It seems action games are defined by the amount of ass-kickery stuffed into each move. Games like Devil May Cry seem to be completely about the "cool" factor and how stylish different weapons can look. Ratchet & Clank, on the other hand, takes a much more enjoyable approach. The game has a much larger focus on platforming and making the worlds you visit feel alive rather than dark and mature, but ultimately flat and static. As you travel numerous worlds looking for a way into the Universe's "Great Clock", you'll find scores of enemies to fight and puzzles to solve, with an ever increasing arsenal of weapons with which to do it.
What's more, Ratchet's weapons feel different.
With only Ratchet's Omniwrench at your disposal from the beginning, you'll find yourself buying and using the extra weapons constantly, which is what the game is all about. You select a weapon as a tool for the situation, rather than one that looks the coolest or that you haven't used in a while. I found myself playing differently depending on what I had equipped. It was great fun walking into a room, seeing a challenge, and thinking, "The disco-ball glove would be perfect for this." Complimenting that, many of the weapons can be strung together in different ways to carve your path through invading hordes and enemy garrisons.
The magic of this is they're not just keys, but representations of how you want to play; it's possible to get through the game without more than a couple of the weapons, but needlessly difficult. Fans of RPGs will know status effect-inflicting weapons don't ever work on bosses, but in this title, even the final boss can be forced to dance, trapped by nets, or frozen in place. A very logical and welcome addition. One last note on the weapons: though every game has a rocket launcher, I can count on one hand how many actually feel like one. This is one of those few.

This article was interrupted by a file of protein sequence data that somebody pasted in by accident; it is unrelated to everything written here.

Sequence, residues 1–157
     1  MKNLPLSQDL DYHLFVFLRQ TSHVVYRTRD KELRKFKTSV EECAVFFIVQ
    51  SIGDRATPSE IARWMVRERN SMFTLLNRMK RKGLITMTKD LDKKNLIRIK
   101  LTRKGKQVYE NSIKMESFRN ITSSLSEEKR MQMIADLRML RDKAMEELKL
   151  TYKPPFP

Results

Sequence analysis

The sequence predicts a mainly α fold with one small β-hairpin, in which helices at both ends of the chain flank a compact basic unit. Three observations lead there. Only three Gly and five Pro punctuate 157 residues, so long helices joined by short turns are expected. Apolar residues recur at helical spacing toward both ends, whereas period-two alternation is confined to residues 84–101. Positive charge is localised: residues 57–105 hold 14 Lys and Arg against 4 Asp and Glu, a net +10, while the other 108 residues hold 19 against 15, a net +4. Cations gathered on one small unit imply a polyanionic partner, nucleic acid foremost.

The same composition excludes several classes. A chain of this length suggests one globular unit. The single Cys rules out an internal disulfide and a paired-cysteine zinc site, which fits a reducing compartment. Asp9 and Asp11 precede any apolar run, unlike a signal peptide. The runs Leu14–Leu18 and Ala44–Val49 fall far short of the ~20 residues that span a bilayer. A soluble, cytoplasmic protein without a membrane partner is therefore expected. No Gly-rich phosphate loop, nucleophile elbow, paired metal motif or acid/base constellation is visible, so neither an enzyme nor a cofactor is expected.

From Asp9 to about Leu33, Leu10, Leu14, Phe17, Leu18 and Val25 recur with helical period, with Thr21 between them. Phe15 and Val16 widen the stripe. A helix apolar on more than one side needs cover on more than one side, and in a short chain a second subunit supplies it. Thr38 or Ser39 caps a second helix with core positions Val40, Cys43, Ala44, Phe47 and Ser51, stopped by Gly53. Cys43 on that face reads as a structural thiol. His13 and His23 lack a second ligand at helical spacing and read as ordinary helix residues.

What stood out to me most was the funny. The designers clearly have a couple different styles of humor and incorporate everything they can to get a laugh out of the Player. Some tend to fall flat, like Orvus and Sigmund's puns and quips, while some made me actually laugh out loud, like the taunts and laments of your assisting weapon, Mr. Zurkon. The game never takes itself too seriously. From the Ren & Stimpy-esque cartoons instructing you in the use of each weapon to the casting of two women and a man as the three Valkyries, the game is a welcome change from the testosterone-fueled action games the kids all talk about these days.
To be honest, the game was so riddled with comedy, I was somewhat disappointed to hear Ratchet & Clank's voices and dialogue; I had imagined them to be a lot more in line with the humorous parts of the game, and not so normal and straightforward. Overall the voice acting is extremely well done, with Dr. Nefarious sounding like he's about to blow a gasket every moment while Captain Qwark is always so arrogant and contradictable. Unfortunately, the Player is required to listen to all of it. One option missing is the ability to skip dialogue without cancelling the conversation. This works fine for story events where the conversation has only one outcome: progression. Where it began to grate on me was as I was talking to the junker at the local storage depot. Sure, he had a lot to say that made him stand out from other characters, but not so much that helped me understand just what he wanted me to do to get that 6000 bolt reward.